2) Deciding to wait to sell: When sellers hear the market is “hot” or sense values are increasing, they sometimes wait to list their homes. Last week an agent told me an owner who was ready to get her property on the market called and said, “We’re going to wait because we just saw a story on TV that said the market is going to be the hottest in the nation next year.” On a related note I spoke with a client who is now concerned about his home increasing in value too much since he is going through a divorce. This reminds me of a video John Wake shared on Twitter. He was talking about San Francisco values and how sellers tend to wait to list their homes when values are increasing. The thought is, why list now when values are going to be higher next year? But then when values do eventually turn there can be a flood of houses hit the market as a “race to the exit”. Really good stuff from John.

3) VA appraisal fees just increased: If you haven’t heard, VA increased their appraisal fees from $450 to $600 in the Sacramento area. Unlike other loan programs, VA pays a standard fee for every appraisal. Just a heads-up.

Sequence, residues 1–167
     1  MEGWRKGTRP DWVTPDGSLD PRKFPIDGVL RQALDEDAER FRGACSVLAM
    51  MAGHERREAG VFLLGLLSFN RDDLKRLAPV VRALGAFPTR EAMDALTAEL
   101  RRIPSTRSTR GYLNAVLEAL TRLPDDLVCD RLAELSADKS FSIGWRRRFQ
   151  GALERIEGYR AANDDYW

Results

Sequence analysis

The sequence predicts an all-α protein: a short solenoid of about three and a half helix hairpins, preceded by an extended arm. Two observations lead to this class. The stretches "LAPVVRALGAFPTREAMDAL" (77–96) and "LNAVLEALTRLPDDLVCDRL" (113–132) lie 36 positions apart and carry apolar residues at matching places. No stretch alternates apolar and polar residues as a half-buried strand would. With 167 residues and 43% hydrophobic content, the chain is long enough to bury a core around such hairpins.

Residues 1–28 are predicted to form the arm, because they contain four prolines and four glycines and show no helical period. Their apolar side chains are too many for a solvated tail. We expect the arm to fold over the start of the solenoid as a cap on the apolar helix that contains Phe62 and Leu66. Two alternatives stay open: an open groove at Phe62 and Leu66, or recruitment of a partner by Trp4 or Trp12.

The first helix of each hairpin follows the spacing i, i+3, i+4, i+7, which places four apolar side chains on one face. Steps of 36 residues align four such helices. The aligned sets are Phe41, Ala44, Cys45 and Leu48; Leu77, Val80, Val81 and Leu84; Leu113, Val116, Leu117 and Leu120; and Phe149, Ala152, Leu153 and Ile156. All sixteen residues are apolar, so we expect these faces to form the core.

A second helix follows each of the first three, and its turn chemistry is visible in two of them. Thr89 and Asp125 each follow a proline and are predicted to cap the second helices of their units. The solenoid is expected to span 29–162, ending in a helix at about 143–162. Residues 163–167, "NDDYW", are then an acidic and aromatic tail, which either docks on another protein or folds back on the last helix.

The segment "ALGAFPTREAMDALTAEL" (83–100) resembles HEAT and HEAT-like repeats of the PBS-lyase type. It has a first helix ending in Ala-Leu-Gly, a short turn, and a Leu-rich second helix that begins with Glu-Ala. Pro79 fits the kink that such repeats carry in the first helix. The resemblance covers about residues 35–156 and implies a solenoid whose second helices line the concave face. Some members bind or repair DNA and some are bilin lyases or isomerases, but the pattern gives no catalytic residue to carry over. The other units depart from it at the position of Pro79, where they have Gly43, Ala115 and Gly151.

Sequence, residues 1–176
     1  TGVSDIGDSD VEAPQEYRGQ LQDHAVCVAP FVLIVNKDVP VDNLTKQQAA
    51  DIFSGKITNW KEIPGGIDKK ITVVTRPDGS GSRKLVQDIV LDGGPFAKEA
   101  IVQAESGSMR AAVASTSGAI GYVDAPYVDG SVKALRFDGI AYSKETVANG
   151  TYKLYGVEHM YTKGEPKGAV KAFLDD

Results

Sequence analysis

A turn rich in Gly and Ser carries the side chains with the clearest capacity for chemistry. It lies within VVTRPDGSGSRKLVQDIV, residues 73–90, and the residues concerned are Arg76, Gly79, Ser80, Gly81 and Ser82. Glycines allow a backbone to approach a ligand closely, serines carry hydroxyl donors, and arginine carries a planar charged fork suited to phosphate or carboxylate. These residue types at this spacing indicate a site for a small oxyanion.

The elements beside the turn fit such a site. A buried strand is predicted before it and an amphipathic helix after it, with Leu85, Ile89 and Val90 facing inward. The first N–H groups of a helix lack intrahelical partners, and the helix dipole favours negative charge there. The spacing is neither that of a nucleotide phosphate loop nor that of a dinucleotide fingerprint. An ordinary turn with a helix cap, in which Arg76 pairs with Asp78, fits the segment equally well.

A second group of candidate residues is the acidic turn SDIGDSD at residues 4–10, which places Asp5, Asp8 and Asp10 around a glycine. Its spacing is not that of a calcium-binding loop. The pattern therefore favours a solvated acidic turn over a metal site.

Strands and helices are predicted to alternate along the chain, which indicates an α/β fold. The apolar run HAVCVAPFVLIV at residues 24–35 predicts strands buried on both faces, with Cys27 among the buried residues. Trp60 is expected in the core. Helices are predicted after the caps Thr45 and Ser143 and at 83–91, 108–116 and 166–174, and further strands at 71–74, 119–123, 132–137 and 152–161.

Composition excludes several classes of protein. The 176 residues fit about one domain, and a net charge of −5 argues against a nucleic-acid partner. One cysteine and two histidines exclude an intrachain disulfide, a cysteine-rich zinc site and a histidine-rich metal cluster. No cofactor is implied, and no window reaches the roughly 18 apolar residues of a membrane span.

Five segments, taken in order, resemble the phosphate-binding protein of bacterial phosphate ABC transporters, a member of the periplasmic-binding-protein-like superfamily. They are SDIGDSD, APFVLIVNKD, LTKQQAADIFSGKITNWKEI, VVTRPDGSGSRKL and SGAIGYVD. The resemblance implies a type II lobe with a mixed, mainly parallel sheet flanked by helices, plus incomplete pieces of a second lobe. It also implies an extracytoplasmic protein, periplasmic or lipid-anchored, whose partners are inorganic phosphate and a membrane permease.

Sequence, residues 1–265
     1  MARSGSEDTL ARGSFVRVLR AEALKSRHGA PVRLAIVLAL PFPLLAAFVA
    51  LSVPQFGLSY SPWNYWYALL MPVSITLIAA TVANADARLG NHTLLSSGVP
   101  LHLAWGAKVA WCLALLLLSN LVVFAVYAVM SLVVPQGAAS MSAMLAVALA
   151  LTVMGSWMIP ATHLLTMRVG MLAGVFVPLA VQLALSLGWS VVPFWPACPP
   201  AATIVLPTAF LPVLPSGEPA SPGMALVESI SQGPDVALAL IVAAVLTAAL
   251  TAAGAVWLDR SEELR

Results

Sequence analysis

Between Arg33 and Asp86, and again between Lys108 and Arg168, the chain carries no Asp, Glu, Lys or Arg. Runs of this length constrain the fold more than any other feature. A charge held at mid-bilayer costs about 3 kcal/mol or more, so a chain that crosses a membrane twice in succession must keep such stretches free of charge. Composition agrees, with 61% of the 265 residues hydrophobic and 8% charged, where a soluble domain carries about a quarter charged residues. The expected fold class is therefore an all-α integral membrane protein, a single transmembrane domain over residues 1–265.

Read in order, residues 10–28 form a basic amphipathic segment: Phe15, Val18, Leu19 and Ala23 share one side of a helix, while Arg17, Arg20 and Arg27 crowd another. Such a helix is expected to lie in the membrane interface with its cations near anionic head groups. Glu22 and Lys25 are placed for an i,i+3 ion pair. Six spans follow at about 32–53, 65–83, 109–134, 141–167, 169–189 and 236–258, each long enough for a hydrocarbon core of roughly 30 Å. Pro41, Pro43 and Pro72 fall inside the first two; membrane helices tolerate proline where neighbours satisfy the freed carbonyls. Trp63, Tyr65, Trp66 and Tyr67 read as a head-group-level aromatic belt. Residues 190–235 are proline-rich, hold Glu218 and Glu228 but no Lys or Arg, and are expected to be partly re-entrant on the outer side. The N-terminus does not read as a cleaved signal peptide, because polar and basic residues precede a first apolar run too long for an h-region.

4) Fannie Mae waiving appraisals: A few days ago Fannie Mae officially began a program to waive appraisals for certain refinances. In the background Fannie has been mining data from appraisal reports for the past two years for their Collateral Underwriter program, and with a database of millions of appraisals they can now eliminate the use of appraisals in some transactions. It’s like Fannie Mae in a small way is helping appraisers dig their own grave. I understand efficiency and how this makes reasonable sense for some transactions, but let’s not forget the very important role appraisers are supposed to play in a transaction.

Any thoughts?

skateboard-from-ryan-lundquist-sacramento-appraisal-blogSKATEBOARD GIVEAWAY: If you didn’t know, I love woodworking. Anyway, I made a skateboard and I’m giving it away in two days to someone local (or not local if you know we’re going to see each other soon). Keep it or re-gift it for Christmas. Leave a comment on Facebook if you want to enter the contest and I’ll pick a random name in two days (we don’t have to know each other).

—-—–—– And here’s my big monthly market update  ———–—–

big-monthly-market-update-post-sacramento-appraisal-blog-image-purchased-from-123rfTwo ways to read the BIG POST: